In Response

    by: Tuan from: VN
    August 12, 2014 10:26 AM
    Crashing boats to each other is calm? Chinese sacrifice their own people to bring dollars home for the big brothers. Since when china is calm!
    Be truthful to yourself.

    Featured Videos

    Your JavaScript is turned off or you have an old version of Adobe's Flash Player. Get the latest Flash player.
    Press Freedom in Myanmar Fragile, Limitedi
    X
    Katie Arnold
    May 04, 2016 12:31 PM
    As Myanmar begins a new era with a democratically elected government, many issues of the past confront the new leadership. Among them is press freedom in a country where journalists have been routinely harassed or jailed.
    Video

    Video Press Freedom in Myanmar Fragile, Limited

    As Myanmar begins a new era with a democratically elected government, many issues of the past confront the new leadership. Among them is press freedom in a country where journalists have been routinely harassed or jailed.
    Video

    Video Taliban Threats Force Messi Fan to Leave Afghanistan

    A young Afghan boy, who recently received autographed shirts and a football from his soccer hero Lionel Messi, has fled his country due to safety concerns. He and his family are now taking refuge in neighboring Pakistan. VOA's Ayaz Gul reports from Islamabad.
    Video

    Video Major Rubbish Burning Experiment Captures Destructive Greenhouse Gases

    The world’s first test to capture environmentally harmful carbon dioxide gases from the fumes of burning rubbish took place recently in Oslo, Norway. The successful experiment at the city's main incinerator plant, showcased a method for capturing most of the carbon dioxide. VOA’s Deborah Block has more.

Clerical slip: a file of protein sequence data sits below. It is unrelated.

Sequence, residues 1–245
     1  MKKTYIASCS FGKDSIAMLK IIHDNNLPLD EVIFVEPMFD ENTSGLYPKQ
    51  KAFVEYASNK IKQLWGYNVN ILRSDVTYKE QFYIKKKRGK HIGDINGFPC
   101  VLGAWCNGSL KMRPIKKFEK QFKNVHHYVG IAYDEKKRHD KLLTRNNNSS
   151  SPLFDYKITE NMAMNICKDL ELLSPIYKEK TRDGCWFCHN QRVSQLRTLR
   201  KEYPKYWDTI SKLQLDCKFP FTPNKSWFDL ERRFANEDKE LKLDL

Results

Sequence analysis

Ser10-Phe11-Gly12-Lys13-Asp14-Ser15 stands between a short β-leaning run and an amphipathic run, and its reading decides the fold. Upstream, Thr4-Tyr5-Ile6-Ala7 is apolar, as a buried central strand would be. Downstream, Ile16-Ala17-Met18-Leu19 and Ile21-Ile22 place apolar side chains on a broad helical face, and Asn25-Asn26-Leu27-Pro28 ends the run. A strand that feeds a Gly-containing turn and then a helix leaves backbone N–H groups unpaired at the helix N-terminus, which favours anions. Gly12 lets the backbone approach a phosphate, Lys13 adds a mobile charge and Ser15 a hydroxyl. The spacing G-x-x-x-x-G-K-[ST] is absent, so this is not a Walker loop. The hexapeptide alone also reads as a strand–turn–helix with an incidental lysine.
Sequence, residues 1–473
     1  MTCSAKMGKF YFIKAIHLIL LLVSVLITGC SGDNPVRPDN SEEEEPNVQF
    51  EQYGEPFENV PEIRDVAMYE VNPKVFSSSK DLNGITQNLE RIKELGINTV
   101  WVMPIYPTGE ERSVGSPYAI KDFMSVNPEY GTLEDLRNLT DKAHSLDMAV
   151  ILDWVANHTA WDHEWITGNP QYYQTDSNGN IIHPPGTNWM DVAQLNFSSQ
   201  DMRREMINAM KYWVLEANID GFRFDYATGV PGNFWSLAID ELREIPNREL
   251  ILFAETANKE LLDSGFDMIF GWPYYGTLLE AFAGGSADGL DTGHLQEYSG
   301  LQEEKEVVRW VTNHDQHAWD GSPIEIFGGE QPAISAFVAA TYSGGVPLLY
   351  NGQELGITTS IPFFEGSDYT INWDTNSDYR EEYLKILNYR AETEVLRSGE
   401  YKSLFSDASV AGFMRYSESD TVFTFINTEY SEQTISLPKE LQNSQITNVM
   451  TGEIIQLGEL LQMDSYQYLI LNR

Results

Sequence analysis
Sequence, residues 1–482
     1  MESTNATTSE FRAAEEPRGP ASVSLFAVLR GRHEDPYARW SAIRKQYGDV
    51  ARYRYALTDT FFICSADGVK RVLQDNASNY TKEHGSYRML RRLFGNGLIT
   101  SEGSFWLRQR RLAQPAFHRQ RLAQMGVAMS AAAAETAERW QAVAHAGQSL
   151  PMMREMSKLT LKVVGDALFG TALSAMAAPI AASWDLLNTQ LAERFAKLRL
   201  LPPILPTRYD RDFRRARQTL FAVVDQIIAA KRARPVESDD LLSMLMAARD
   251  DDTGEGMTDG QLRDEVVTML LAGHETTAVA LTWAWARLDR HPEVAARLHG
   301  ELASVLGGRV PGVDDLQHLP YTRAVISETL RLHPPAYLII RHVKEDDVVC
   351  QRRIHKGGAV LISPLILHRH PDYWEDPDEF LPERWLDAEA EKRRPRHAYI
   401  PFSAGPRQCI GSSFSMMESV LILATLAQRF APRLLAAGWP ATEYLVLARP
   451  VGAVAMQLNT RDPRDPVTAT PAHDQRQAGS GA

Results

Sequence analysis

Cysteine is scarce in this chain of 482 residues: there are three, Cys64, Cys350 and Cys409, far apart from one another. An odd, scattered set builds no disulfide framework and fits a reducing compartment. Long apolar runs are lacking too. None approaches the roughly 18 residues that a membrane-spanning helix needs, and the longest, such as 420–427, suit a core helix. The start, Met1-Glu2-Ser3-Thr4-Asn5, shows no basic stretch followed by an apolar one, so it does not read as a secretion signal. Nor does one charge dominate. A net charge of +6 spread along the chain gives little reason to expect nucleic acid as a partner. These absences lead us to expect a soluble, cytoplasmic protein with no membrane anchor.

Video

    Video EU Visa Block Threatens To Derail EU-Turkey Migrant Deal

    Turkish citizens could soon benefit from visa-free travel to Europe as part of the recent deal between the EU and Ankara to stem the flow of refugees. In return, Turkey has pledged to keep the migrants on Turkish soil and crack down on those who are smuggling them. Brussels is set to publish its latest progress report Wednesday — but as Henry Ridgwell reports from London, many EU lawmakers are threatening to veto the deal over human rights concerns.
    Video

    Video Tensions Rising Ahead of South China Sea Ruling

    As the Philippines awaits an international arbitration ruling on a challenge to China's claims to nearly all of the South China Sea, it is already becoming clear that regardless of which way the decision goes, the dispute is intensifying. VOA’s Bill Ide has more from Beijing.
    Video

    Video Painting Captures President Lincoln Assassination Aftermath

    A newly restored painting captures the moments following President Abraham Lincoln’s assassination in 1865. It was recently unveiled at Ford’s Theatre in Washington, where America’s 16th president was shot. It is the only known painting by an eyewitness that captures the horror of that fateful night. VOA’s Julie Taboh tells us more about the painting and what it took to restore it to its original condition.